The ‘S’ Word Explained

By Hayden Shearman // This post was first published in my blog in 2013.

In last week’s post I attempted to sell you the idea of incorporating speed into your training plan. However, it’s a complicated process knowing how fast to run and how long for and how often to do it.

So how do you get started? Do you just head out the door and sprint till you collapse, then sprint home?

Okay, we don’t want any collapsing, so here’s an overview of the different speeds you could consider incorporating in your training and how you might utilise them.


Easy, Conversational: Most of our running should be at this pace (about 60-80% is ideal for most distance athletes). Read more about it here in a previous blog.

Threshold: As you increase your speed from an easy pace, you’ll soon hit a point at which the lactate levels in our blood begin to increase more rapidly. This is your lactate threshold. You can calculate it by simply adding 15-18 seconds per kilometre to your current 5k pace (so a 25-minute 5k runner would have a threshold pace of 5:17min/km).

If you haven’t run a 5k race recently, you can also use a heart rate monitor and aim to sit around 90% of your maximum heart rate. Otherwise simply gauge your threshold pace by making it “comfortably hard” or a pace at which you can just say your full name (i.e. you’re too out of breath to talk normally).

Run at your threshold by either doing a prolonged run at that pace (for 10 to 50 minutes) or run bursts of 3-5 minutes at that pace with 2-minute recovery jogs between efforts.

VO2Max: For most people, the point at which your lungs are maxing out (literally, pushing as much oxygen into your body as possible) is just slightly quicker than 5k pace. So our 25-minute 5k runner above would be aiming for 4:52min/km.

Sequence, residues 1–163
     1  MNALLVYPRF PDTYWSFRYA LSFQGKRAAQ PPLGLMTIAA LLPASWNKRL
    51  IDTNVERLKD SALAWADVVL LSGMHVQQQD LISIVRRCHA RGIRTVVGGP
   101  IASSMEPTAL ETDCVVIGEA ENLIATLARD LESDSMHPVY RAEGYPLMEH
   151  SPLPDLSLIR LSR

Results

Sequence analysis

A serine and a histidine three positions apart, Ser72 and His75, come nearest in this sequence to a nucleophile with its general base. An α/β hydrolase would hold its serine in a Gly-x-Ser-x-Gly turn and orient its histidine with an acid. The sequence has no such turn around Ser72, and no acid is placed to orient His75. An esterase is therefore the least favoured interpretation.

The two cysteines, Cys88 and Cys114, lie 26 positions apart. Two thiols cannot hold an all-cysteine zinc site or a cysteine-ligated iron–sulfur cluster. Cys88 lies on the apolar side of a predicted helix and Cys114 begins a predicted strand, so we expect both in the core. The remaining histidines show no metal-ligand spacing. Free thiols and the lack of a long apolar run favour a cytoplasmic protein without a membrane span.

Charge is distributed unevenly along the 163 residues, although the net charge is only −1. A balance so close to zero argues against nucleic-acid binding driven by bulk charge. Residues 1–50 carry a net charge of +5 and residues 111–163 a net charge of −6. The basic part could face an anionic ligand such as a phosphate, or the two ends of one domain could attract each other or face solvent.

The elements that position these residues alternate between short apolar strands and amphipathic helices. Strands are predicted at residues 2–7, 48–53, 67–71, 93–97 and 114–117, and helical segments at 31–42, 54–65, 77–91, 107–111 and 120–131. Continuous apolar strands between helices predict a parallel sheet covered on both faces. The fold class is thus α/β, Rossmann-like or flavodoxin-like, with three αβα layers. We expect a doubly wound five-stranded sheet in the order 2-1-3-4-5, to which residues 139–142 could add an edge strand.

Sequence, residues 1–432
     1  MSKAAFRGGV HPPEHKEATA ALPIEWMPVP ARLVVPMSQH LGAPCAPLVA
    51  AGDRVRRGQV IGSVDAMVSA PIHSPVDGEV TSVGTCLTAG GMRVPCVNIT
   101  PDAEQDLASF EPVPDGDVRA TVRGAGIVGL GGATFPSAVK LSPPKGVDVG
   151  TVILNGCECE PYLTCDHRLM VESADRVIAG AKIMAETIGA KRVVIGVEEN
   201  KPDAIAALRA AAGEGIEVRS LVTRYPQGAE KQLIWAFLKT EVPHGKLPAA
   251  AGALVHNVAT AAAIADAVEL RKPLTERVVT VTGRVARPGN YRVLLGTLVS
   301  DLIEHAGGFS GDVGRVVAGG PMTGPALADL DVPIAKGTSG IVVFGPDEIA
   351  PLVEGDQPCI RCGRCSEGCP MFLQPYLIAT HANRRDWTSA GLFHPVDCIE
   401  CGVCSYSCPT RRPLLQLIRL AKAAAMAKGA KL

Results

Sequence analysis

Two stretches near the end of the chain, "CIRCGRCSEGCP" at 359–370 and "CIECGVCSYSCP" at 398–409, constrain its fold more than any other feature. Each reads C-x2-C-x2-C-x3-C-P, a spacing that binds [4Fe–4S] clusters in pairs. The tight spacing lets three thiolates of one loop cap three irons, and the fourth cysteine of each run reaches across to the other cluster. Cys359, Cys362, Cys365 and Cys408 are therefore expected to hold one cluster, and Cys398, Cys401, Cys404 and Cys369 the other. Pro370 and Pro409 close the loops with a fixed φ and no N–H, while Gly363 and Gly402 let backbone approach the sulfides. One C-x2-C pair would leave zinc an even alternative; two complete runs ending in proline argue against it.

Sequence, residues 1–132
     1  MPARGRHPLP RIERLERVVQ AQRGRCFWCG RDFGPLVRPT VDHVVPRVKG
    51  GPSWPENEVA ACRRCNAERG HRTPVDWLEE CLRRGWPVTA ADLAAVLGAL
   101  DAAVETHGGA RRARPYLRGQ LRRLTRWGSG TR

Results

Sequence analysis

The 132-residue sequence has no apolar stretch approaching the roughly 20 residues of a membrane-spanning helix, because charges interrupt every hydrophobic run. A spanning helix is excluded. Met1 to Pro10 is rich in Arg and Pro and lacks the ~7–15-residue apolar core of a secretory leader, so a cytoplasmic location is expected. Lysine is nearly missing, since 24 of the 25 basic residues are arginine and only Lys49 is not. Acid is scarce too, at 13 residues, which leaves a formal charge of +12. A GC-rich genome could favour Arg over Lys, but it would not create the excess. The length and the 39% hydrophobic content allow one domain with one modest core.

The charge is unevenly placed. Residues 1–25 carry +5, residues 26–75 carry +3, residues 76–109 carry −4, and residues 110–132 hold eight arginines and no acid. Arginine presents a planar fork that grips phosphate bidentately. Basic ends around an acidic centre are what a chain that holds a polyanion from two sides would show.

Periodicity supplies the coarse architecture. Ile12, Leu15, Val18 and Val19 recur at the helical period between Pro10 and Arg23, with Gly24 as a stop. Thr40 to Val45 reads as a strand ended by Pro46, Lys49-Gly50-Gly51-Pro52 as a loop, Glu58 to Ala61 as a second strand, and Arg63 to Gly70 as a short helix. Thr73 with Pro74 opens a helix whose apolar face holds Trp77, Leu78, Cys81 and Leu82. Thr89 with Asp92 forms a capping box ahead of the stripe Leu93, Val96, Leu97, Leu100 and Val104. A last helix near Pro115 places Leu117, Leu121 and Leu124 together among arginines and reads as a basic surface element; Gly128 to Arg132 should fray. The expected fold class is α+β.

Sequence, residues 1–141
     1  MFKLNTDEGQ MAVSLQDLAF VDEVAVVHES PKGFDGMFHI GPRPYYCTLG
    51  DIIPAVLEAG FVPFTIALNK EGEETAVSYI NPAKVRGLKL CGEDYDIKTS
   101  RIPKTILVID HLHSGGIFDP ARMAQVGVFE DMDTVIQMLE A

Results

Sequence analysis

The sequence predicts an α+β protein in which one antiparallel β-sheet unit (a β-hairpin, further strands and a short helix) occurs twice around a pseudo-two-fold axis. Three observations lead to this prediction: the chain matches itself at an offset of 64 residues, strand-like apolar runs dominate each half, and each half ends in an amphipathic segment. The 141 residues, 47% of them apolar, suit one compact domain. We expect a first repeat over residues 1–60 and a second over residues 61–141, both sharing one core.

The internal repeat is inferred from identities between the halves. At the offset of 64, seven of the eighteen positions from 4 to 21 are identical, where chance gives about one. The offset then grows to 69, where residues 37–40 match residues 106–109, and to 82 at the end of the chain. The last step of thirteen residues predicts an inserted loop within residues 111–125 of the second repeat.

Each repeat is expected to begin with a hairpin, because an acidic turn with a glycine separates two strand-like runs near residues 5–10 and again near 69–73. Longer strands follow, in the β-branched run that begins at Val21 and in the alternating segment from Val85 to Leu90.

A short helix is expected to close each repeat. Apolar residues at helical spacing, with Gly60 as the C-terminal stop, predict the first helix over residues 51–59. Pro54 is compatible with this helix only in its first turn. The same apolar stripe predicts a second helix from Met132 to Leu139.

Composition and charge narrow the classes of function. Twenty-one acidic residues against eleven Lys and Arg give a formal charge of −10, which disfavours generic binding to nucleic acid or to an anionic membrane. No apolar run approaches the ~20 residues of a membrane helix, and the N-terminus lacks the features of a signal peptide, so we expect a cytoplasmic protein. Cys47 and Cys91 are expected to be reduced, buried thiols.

The idea with this speed is to just hit that zone of maximum oxygen uptake and to go no further, otherwise you’ll go into oxygen debt. This zone of running will help improve your ability to get and consume oxygen. It’s best to do it in bursts of 1 to 5 minutes with two minute’s light jogging between efforts.

Race Pace: Pacing is perhaps the number one reason people fail to meet their goal race times. Avoid this common trap by doing speed sessions practising race pace so that it is engrained into your muscle memory. You can also use these sessions to practise taking on board the fluids and nutrition you plan to use in the race.

Strides and Repetitions: These could be anywhere between 3k race pace and a notch off a sprint. They are 10 to 90 seconds long and are followed by a long recovery jog or walk. They’re used to develop really good running form and develop top end speed. A few 20-seconds strides at the end of an easy run is a great way to freshen the legs, reminding them that you’re not a single-speed running machine.

I would recommend that you don’t do these stride and reps at an all out sprint, unless you’re training for a race of 1500m or less. This is because you have less control of your form and are more injury prone when at 100% speed.

Have fun mixing up your week’s training by incorporating the above speeds into two runs per week. Be sure to warm up and cool down with 10-20 minutes of jogging either side of the speed work.

Happy running!

3 responses to “The ‘S’ Word Explained

  1. Pingback: The Battle of the Bridge: Two Weeks Out | A Runner's Guide·

  2. Nice post! I’m helping to train a few beginner runners and I started most of them out with doing strides. I think those seem the least intimidating and are a nice gateway to more specific speed work.

    • Thanks Laurel. Yes I think it’s really important to get beginners running fast comfortably before loading them long, slow plodding miles which just emphasise any technique inefficiencies they might have. Plus, strides are heaps of fun in a group!

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